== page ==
A year ago in September I started my placement at St Martins, taking a year away from my regular churches in Frenchay and Stapleton. I wrote a letter for the magazine introducing myself, and, here I am, just under a year later writing to say goodbye as I finish my year with you and start my third and final year as an ordinand at Trinity.
I have learnt so much over the last year from my studies and from all of you, so I thought I would take the opportunity to briefly summarise some of my experiences and what I have learnt.
Throughout the year St Martins takes students training for lay and ordained ministry and we are very grateful to you and Becky for this opportunity. The churches I come from don’t have incense, the gospel read in the centre of the church or a community café every week throughout the year, so all these have been new experiences for me. You have made me so welcome. I have been struck by talking to you that people come to church for many different reasons and from many different places, but all are encouraged at St Martins to participate in a way they feel they can. I thought that a church with incense, processing, Eucharist most weeks, wouldn’t appeal to such a wide variety of people and I have been shown to be wrong, and I am pleased about that. I have found the services to be sensory, inclusive, worshipful and they have been a privilege to be a part of whether I have been up front preaching, serving or sitting in the congregation or, more recently on Facebook. Thank you.
The ‘rituals’ such as crossing myself, bowing, processing the gospel, carrying the cross, waving the incense have become rituals and practices that I came to appreciate. They have added something special to my worship, recognising God to be holy, and reminding me that it is a privilege to come and worship God, and it fills me again with awe and wonder at our amazing God. As we processed the gospel, lifting it high, and lifting the wine and bread high at the Eucharist I was reminded of the importance of the death and resurrection of Jesus and of the word of God in the Bible.
When I felt a call to ministry I saw myself as a servant and called to serve God and was reminded by the bishop, when I was confirmed a few years ago, that the stole (scarf) placed around the priest’s neck represents the towel Jesus dried the disciple’s feet with after washing them. I felt very awkward being served by the MC when I was leading the service or preaching, holding the order of service or the gospel for me, when I was perfectly capable of doing it myself. I was reminded that in doing that the MC is serving God. It was also great to have somebody else there who knew where I should be and was ready with the right place in the order of service. There is a hymn ‘Brother, sister, let me serve you. Let me be as Christ to you. Pray that I may have the grace to let you be my servant to.’ As a Christian I am not meant to do serving all by myself, but am meant to be alongside others, enabling them also to serve. I am due to have an operation in the next week, and again, this lesson was brought home to me as people offered to help and my first reaction was that I’ve got this, I don’t need any help. May I continue to learn the lesson to let others serve, and have the grace to do this.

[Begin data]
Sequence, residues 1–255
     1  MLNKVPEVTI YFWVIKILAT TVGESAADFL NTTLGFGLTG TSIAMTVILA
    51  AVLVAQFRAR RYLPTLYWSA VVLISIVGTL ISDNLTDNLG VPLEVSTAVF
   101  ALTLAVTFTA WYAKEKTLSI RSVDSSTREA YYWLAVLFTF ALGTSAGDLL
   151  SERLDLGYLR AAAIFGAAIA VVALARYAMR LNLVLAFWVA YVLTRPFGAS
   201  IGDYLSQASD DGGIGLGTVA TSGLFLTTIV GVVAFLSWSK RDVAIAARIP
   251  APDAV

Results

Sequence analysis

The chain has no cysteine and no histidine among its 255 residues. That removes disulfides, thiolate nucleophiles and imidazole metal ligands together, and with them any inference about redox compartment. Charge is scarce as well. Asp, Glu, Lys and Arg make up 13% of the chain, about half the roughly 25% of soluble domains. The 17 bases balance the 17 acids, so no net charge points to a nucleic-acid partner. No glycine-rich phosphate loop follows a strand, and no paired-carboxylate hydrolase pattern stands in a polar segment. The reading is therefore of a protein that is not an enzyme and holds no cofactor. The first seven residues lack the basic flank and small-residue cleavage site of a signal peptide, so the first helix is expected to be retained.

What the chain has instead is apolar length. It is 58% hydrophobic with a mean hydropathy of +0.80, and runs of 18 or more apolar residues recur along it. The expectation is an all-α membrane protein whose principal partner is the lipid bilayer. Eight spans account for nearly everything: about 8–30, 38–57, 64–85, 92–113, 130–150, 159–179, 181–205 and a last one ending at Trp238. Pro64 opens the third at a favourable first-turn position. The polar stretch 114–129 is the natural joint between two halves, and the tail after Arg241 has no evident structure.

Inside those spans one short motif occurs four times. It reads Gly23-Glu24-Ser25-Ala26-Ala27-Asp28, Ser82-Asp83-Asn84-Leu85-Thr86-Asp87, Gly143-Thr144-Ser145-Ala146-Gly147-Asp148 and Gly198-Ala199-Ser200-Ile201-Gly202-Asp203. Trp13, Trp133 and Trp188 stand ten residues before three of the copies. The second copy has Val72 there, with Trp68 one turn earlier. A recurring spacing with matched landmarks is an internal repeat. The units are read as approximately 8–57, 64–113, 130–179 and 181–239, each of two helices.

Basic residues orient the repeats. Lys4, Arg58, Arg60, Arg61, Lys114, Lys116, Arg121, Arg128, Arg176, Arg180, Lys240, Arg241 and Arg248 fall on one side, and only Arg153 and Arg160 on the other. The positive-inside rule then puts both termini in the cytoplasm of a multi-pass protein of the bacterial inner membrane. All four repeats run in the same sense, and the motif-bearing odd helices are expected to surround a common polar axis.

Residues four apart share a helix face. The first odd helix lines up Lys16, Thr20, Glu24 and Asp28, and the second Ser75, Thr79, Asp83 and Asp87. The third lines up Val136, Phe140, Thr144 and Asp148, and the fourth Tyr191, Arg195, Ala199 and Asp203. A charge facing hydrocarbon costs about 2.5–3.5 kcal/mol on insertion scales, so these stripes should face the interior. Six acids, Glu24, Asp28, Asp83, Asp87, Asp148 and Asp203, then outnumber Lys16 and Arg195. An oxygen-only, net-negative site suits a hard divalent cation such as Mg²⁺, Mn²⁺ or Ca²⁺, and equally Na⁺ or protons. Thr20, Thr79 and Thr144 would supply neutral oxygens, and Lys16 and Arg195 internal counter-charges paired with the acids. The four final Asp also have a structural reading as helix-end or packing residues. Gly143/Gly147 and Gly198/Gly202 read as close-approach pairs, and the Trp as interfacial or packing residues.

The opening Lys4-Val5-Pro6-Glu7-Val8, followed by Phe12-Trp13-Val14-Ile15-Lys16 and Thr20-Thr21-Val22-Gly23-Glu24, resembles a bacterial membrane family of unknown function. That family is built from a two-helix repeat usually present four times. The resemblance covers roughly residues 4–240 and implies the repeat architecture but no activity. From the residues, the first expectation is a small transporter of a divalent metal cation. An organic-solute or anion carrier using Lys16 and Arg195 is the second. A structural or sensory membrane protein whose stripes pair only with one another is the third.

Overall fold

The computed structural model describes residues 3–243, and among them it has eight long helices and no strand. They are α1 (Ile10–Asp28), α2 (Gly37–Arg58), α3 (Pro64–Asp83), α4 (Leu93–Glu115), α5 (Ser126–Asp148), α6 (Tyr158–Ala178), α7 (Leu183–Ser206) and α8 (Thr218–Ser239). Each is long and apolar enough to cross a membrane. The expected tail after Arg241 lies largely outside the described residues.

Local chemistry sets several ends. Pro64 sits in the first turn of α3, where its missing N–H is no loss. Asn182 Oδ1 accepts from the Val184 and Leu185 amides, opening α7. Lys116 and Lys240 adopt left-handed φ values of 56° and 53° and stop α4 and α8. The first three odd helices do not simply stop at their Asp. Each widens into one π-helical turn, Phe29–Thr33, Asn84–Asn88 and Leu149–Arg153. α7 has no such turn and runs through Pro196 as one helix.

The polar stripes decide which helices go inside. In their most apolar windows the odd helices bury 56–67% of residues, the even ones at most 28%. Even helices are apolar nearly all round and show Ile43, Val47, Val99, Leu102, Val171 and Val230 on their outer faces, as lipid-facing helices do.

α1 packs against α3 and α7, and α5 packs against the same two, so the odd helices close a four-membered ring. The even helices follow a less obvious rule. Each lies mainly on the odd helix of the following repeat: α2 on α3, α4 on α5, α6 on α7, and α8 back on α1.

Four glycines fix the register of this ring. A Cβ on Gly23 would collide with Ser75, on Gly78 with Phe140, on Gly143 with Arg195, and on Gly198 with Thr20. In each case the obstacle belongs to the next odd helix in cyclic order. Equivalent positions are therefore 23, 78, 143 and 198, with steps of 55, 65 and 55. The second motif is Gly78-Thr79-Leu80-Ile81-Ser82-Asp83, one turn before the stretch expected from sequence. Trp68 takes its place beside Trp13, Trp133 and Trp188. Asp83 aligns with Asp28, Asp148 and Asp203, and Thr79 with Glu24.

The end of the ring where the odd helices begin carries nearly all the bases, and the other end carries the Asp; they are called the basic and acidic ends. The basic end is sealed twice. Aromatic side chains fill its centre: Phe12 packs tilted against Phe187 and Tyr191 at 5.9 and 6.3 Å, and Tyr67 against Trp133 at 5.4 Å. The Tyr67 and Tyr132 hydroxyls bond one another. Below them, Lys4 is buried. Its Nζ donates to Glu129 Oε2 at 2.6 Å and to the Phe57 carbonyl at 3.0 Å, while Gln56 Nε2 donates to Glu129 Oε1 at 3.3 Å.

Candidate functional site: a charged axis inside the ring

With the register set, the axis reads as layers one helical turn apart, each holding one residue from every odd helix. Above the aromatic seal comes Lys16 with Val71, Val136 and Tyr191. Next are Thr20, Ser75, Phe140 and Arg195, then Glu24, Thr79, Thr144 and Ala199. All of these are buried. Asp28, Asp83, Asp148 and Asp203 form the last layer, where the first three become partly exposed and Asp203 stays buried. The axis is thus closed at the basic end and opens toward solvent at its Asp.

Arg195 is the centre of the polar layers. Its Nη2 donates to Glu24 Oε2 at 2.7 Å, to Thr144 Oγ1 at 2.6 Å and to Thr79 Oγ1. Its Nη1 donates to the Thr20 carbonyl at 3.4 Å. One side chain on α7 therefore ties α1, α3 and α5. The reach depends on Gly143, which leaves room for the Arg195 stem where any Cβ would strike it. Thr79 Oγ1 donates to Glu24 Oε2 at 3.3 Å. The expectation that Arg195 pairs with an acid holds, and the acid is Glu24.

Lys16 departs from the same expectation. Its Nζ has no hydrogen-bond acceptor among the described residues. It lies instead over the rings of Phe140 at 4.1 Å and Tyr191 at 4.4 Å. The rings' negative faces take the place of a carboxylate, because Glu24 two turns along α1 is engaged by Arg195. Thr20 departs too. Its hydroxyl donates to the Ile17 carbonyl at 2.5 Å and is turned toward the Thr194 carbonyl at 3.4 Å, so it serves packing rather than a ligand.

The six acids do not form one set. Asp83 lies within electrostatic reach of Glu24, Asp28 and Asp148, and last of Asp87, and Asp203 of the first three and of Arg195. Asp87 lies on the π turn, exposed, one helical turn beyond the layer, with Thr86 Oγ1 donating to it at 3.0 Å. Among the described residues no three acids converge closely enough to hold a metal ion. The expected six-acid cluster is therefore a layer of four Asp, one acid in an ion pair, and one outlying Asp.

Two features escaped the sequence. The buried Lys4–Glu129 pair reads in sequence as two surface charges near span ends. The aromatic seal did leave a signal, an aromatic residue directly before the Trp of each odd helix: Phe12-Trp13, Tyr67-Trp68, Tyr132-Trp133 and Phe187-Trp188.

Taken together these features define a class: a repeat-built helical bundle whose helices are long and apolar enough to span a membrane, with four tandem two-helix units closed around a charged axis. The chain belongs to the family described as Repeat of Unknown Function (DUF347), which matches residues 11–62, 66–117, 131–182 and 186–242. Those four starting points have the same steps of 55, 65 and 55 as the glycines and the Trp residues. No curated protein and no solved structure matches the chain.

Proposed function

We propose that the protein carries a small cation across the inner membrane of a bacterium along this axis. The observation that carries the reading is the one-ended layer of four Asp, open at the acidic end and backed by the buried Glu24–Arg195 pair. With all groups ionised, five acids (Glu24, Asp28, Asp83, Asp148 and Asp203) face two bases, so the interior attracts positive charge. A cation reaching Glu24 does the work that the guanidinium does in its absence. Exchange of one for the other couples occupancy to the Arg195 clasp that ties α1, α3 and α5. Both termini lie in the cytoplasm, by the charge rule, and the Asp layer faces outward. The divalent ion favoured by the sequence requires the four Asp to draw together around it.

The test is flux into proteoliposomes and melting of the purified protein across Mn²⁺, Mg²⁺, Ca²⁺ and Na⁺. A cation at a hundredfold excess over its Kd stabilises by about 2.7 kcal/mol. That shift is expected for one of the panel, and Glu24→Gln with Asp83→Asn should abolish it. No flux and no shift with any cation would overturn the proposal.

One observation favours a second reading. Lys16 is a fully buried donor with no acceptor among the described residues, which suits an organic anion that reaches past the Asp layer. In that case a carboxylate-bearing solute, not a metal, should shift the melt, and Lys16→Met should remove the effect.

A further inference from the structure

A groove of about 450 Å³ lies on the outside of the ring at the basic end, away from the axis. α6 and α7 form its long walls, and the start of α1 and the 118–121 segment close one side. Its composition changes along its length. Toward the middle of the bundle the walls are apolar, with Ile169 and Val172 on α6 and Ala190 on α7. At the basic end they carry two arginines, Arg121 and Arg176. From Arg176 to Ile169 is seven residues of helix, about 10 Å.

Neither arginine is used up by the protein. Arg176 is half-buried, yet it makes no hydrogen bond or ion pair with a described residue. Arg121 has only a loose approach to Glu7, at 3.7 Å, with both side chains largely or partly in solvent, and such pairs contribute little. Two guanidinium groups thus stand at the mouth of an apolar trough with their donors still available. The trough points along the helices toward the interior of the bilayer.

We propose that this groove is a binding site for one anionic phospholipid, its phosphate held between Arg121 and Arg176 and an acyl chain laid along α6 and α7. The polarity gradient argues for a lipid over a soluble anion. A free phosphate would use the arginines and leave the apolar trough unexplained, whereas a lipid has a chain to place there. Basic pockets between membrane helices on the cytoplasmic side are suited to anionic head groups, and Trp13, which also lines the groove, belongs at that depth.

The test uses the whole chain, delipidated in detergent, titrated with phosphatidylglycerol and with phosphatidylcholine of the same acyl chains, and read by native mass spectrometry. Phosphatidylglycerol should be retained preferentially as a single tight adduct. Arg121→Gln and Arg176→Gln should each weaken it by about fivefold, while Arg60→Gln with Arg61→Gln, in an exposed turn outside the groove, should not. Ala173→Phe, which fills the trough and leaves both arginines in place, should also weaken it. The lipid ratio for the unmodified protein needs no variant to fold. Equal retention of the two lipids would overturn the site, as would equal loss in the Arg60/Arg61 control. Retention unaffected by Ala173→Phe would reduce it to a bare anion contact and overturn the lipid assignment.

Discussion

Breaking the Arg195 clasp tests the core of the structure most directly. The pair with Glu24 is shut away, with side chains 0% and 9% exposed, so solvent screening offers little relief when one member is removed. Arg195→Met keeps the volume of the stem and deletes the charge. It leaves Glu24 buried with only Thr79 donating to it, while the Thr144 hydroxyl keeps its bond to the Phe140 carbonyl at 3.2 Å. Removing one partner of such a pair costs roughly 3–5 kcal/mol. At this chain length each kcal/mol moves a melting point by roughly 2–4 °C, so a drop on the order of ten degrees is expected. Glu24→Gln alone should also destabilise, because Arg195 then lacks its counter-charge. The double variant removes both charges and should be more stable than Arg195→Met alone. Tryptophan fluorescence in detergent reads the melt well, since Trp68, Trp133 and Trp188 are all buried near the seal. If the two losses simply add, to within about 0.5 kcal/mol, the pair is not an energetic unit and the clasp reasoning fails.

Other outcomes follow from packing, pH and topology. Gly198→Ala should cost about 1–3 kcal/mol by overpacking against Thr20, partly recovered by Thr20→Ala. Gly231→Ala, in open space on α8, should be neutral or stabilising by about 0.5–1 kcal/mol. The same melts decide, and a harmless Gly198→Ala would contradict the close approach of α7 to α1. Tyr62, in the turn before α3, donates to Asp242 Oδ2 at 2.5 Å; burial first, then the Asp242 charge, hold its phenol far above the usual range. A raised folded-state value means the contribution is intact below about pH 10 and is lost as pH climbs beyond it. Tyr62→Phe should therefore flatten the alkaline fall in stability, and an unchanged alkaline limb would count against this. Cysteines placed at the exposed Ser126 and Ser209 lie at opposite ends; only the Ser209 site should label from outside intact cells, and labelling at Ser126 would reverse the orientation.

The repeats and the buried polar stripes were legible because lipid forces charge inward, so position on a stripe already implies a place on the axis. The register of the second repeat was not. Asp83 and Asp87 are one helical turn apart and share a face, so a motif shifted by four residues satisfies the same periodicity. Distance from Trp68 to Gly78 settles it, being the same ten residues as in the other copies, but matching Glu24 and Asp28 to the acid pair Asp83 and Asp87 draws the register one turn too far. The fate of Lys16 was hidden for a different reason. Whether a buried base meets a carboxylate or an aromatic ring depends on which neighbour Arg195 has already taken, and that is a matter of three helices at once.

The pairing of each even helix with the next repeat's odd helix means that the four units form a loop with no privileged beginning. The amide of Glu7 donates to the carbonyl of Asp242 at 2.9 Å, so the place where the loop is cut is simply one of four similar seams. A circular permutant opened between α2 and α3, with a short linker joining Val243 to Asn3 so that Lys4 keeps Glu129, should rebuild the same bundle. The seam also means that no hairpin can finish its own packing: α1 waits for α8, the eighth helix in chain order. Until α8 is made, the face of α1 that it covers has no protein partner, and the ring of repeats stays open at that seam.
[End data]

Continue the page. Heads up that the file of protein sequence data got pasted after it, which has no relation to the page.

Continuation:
I have also learnt more about mission over the past year. I have enjoyed volunteering in the café and managed to do one shift at the Foodbank. We are all involved in God’s mission and I am hoping to take some of what I learnt about serving all the people in our community back to Stapleton, allowing our church run toddler group to become more accessible to all.
Over the past year I have spent more time sitting in the congregation than I normally would and this has allowed me time to get to know more people and not be continually busy every week. I am going to take this back with me, and, while I can, spend time worshipping and getting to know both of the churches in our Benefice better.
Thank you for all you have given and shown me over the past year and letting me get involved in your community and the family of St Martins. I had resisted for a long time doing a placement for a whole year anywhere, but God had other plans and I am so glad. Last year I was so nervous about starting a new venture and sad about leaving my churches, now I am sad to be leaving all of you and a bit nervous about going back.
I have been doing a lot of waiting on God recently to see what is next, and this has been a time of waiting on God for many of us. But God is faithful and we have a hope in God’s word, knowing that we are loved. ‘I wait for the Lord, my whole being waits, and in His word I put my hope.’ May God guide you all as you enter into new ventures, waiting and serving together.